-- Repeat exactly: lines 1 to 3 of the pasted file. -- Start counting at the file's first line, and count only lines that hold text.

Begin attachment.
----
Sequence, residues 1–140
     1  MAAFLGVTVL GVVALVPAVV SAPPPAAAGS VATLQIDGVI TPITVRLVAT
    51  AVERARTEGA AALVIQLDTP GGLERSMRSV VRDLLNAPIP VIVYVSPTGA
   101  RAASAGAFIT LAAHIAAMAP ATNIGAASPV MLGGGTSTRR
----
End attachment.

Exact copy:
Sequence, residues 1–140
     1  MAAFLGVTVL GVVALVPAVV SAPPPAAAGS VATLQIDGVI TPITVRLVAT
    51  AVERARTEGA AALVIQLDTP GGLERSMRSV VRDLLNAPIP VIVYVSPTGA